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Harvard Graduate Council Creates Student Lobbying Body

GSAS
Lehman Hall, the home of the Graduate School of Arts and Sciences. GSAS is one of Harvard's 12 graduate schools.

The Harvard Graduate Council has created a lobbying body, the External Advocacy Committee, to advocate for local, state, and federal policies supporting graduate student rights.

HGC, the University’s most comprehensive student government body, comprises representatives from all twelve of the graduate schools. The EAC will streamline the HGC’s responses to proposed policies — both at the University and in the political arena — that could negatively impact Harvard’s graduate student population.

Before the EAC, such a response fell on the shoulders of one member, who then had to draft statements and submit them for voting at HGC meetings. The process could take up to two months, according to Chair of Finance Kelly E. Menjivar.

The EAC is Menjivar’s “brainchild,” according to HGC Chair of Advocacy Franklin “Tre” D. Tennyson III. In HGC’s 2017-2018 term, Menjivar led fellow representatives to create a lobbying- and student advocacy- focused branch. After voting to alter their bylaws in fall 2018, HGC was able to pass the EAC’s governing charter earlier this spring.

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The EAC will officially start its activities next fall.

The new committee will have three boards manned by graduate students nominated from each of the 12 graduate schools. One board will research federal politics affecting graduate students, a second will research local and state policies, and a third will draft response statements.

“[The EAC] allows us to have people who are dedicated to filtering all the information coming out of society, and then kind of investigate how these things may impact life here at Harvard,” said Tennyson, author of the EAC’s charter.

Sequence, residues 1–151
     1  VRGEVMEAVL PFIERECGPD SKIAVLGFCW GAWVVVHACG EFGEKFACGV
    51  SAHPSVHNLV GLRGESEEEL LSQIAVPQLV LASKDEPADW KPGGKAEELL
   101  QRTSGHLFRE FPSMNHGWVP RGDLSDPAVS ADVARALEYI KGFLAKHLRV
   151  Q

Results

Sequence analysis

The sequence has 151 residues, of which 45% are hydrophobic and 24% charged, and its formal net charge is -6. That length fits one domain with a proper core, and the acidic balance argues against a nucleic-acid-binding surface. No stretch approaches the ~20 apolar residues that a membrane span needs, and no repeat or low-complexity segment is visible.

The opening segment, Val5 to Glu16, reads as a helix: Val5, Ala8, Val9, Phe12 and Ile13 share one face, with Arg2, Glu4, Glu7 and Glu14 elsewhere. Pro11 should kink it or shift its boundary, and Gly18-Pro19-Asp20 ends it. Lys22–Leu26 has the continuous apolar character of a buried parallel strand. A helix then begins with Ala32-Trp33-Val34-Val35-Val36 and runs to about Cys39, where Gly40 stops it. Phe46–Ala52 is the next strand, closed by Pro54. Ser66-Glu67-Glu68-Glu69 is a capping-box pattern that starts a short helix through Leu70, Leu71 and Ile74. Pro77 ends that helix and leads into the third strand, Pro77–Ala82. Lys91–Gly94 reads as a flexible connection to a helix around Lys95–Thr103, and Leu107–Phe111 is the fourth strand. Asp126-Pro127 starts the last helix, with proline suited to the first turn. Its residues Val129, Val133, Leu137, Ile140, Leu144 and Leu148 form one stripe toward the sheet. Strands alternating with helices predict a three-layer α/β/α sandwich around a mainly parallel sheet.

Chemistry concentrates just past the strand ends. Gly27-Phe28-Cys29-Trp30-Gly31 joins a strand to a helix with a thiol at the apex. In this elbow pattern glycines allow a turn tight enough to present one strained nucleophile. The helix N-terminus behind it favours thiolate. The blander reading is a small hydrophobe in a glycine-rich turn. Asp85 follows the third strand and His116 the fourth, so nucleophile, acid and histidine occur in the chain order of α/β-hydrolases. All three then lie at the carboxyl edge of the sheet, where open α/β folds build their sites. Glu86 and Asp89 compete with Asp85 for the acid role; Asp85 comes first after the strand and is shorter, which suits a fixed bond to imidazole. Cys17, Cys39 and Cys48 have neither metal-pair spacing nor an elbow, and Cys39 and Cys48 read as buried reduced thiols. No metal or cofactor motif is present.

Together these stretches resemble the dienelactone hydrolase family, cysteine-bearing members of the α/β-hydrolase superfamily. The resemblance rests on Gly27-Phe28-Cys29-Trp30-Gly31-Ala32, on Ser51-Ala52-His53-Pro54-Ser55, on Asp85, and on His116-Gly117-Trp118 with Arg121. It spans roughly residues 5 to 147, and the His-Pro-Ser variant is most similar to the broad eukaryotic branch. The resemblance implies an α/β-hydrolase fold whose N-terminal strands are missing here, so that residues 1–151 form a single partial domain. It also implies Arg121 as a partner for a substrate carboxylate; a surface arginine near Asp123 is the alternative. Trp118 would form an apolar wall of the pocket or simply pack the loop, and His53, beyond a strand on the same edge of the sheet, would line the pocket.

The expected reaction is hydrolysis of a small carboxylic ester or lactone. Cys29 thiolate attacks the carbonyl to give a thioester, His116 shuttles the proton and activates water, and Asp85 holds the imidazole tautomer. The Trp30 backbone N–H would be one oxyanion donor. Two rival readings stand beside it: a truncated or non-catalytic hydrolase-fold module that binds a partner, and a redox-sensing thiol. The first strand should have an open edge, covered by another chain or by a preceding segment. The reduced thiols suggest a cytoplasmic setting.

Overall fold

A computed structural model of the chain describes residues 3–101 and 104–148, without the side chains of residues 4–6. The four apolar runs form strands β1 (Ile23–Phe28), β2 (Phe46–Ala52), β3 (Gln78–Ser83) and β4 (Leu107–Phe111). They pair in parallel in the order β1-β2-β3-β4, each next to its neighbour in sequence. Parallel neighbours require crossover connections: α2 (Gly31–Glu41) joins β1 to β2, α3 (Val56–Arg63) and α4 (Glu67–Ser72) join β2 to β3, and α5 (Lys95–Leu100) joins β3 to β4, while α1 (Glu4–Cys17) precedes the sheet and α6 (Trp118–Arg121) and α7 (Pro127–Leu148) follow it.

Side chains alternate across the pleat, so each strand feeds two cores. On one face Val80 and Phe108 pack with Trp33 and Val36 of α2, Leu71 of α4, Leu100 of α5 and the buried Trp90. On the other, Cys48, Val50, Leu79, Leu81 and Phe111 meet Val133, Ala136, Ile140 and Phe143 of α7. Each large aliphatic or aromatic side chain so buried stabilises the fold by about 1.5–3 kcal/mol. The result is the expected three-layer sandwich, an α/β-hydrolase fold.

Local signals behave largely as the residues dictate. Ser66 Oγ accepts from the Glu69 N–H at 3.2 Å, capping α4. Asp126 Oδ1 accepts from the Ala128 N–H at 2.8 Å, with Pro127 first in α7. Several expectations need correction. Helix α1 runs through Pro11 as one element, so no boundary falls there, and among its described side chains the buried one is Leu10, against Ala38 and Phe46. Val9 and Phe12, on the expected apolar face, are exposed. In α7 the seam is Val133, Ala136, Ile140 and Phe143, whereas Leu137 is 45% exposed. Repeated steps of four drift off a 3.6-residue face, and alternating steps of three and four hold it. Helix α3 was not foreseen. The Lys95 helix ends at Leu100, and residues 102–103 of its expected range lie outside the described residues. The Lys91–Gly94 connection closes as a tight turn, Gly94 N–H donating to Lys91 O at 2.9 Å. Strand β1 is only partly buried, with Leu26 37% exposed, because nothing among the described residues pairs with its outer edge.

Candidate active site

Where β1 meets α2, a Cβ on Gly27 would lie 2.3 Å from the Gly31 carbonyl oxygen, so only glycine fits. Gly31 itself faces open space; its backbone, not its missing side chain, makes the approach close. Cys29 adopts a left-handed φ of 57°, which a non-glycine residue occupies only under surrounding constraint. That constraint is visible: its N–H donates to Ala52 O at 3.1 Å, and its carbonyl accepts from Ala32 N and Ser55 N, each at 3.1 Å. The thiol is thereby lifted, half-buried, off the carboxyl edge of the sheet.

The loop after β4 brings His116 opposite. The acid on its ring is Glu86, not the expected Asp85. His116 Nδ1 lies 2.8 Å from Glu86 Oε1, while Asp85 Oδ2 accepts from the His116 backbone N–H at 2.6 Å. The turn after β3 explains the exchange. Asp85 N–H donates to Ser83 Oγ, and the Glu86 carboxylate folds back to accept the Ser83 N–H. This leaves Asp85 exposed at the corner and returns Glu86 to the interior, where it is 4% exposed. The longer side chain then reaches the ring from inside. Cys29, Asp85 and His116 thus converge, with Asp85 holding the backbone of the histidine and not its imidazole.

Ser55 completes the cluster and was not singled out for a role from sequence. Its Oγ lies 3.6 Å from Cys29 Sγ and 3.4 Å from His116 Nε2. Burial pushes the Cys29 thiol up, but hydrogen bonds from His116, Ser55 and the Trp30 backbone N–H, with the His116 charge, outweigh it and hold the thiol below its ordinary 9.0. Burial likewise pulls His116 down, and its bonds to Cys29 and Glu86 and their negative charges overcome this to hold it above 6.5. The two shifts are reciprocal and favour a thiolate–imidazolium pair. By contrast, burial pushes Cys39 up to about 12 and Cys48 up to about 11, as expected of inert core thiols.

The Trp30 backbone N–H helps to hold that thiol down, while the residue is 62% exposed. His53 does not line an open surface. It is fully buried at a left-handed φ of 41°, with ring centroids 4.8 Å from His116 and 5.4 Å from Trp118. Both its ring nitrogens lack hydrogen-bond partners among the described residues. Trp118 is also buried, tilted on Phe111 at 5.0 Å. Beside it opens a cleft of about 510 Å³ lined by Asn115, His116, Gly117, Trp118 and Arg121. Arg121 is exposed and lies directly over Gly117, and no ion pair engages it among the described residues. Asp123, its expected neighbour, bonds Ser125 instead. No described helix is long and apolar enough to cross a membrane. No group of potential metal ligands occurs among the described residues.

When a policy is flagged as potentially worthy of response, the EAC will draft a statement, get approval from the HGC’s president and chair of advocacy, and publish the statement on HGC’s website. The EAC will also send the statement to the relevant politician who can address the issue.

The EAC’s statements will be governed by a platform drafted and approved this spring that details the issues on which the EAC is allowed to comment. Such issues include First Amendment rights, discriminatory policies, subsidized graduate student healthcare and childcare, Title IX issues, and protections for international students.

Because the HGC is not a political body, the EAC must tread a fine line when issuing its statements, Tennyson said.

“When I say ‘lobbying,’ that word is loaded with the idea that there are interests that are politically motivated. We are very careful to stay clear of that. Our interests pertain exclusively to graduate student life here at Harvard,” he said. “But we want to be very cautious of the fact that we represent students coming from very different backgrounds, very different ideologies.”

Menjivar first got the idea to create an advocacy committee in 2017 from then-HGC president Kevin Tian. She then sought the help of MIT’s graduate council in creating the EAC.

“We worked with [them] on being able to see how the equivalent of the EAC at MIT was working and how we could perhaps do better,” Menjivar said. “We borrowed the platform from MIT and presented it to the HGC, and MIT allowed us to use and modify their platform.”

Menjivar said she hopes MIT’s graduate council and HGC will work together in the future to release joint statements because such statements have “more reach and more impact.” She said this may happen as soon as the 2020-2021 academic year.

When asked about what the EAC could have done over the 2018-2019 academic year, Menjivar was quick to answer.

“For one, DACA,” Menjivar said. “For the amount of students it would have affected at Harvard and how these students felt, we would have been able to support our community. That would have been ideal.”

—Staff writer Luke A. Williams can be reached at luke.williams@thecrimson.com. Follow him on Twitter @LukeAWilliams22.

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